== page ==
Carved Things, Carved Identities: Early Modern Luso-African Ivories and the History of African Combs
Dr Sally-Ann Ashton (Fitzwilliam Museum, University of Cambridge)
Hair combs from Africa and the African Diaspora 1500-1900
Professor Jean Michel Massing (History of Art, University of Cambridge)
The Sierra Leone ivory sculptures
This talk will consider both the types and sources of evidence, and the lack of evidence for this single category of object between 1500 and 1900. It will also consider what hair combs can tell us about the transference of culture from Africa to the Americas and Caribbean.
That stone and ivory carving was practised in the late fifteenth and sixteenth centuries is indicated by the stylistic similarities between certain nomoli and a group of ivories – the so-called Sapi-Portuguese ivories – datable to that period. This is confirmed by Valentim Fernandes (1506-1510), according to whom the Sapi carve “delicate works in ivory such as spoons, salt-cellars and bracelets.” He adds that “In Sierra Leone, the people are very skilful and very talented; all the objects we ask them to carve, they make truly marvellous works in ivory; some make spoons, others salt-cellars, others dagger hilts and other fine works.” He reiterates this point in another telling passage: “…they produce salt-cellars in ivory and spoons and whatever task one sketches for them, they carve it in ivory.” I will study this group of ivories and identify the French model used by the Sierra-Leone carvers, a Book of Hours printed by Thielman Kerver in Paris between 1509 and 1511.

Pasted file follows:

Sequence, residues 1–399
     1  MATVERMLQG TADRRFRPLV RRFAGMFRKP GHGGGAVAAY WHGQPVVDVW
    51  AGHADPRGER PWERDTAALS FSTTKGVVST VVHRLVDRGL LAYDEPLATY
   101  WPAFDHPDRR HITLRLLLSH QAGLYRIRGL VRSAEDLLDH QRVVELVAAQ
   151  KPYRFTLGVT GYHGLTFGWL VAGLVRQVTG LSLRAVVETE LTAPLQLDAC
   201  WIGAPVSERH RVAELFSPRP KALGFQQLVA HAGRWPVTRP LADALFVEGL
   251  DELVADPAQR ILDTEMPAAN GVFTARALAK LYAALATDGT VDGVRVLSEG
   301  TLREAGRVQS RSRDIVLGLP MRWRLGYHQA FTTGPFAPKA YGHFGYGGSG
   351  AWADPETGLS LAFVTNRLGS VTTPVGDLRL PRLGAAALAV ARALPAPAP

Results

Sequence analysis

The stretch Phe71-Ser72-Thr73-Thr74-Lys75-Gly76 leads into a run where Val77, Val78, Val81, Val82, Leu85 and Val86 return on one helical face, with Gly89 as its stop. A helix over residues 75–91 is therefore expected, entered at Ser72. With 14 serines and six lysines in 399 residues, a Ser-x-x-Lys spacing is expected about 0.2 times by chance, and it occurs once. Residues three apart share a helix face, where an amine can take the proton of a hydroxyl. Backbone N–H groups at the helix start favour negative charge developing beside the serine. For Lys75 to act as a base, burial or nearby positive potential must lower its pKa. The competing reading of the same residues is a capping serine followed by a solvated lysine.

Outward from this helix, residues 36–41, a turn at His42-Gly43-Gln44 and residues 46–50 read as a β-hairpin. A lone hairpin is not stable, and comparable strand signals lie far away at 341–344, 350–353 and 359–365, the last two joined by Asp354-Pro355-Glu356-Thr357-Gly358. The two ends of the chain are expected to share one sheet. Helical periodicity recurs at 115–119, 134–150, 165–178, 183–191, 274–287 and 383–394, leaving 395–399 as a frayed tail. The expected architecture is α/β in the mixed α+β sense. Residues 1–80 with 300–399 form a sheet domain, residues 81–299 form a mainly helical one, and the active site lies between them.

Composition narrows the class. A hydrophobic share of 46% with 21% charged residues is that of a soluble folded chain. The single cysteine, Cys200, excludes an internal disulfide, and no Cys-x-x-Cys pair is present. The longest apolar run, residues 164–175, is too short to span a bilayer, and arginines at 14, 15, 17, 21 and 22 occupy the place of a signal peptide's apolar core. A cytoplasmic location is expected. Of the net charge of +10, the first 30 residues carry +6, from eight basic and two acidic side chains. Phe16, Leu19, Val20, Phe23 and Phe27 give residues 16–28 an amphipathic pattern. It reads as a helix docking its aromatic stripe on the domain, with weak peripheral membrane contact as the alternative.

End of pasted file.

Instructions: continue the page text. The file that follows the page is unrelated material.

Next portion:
Open to all. No registration required.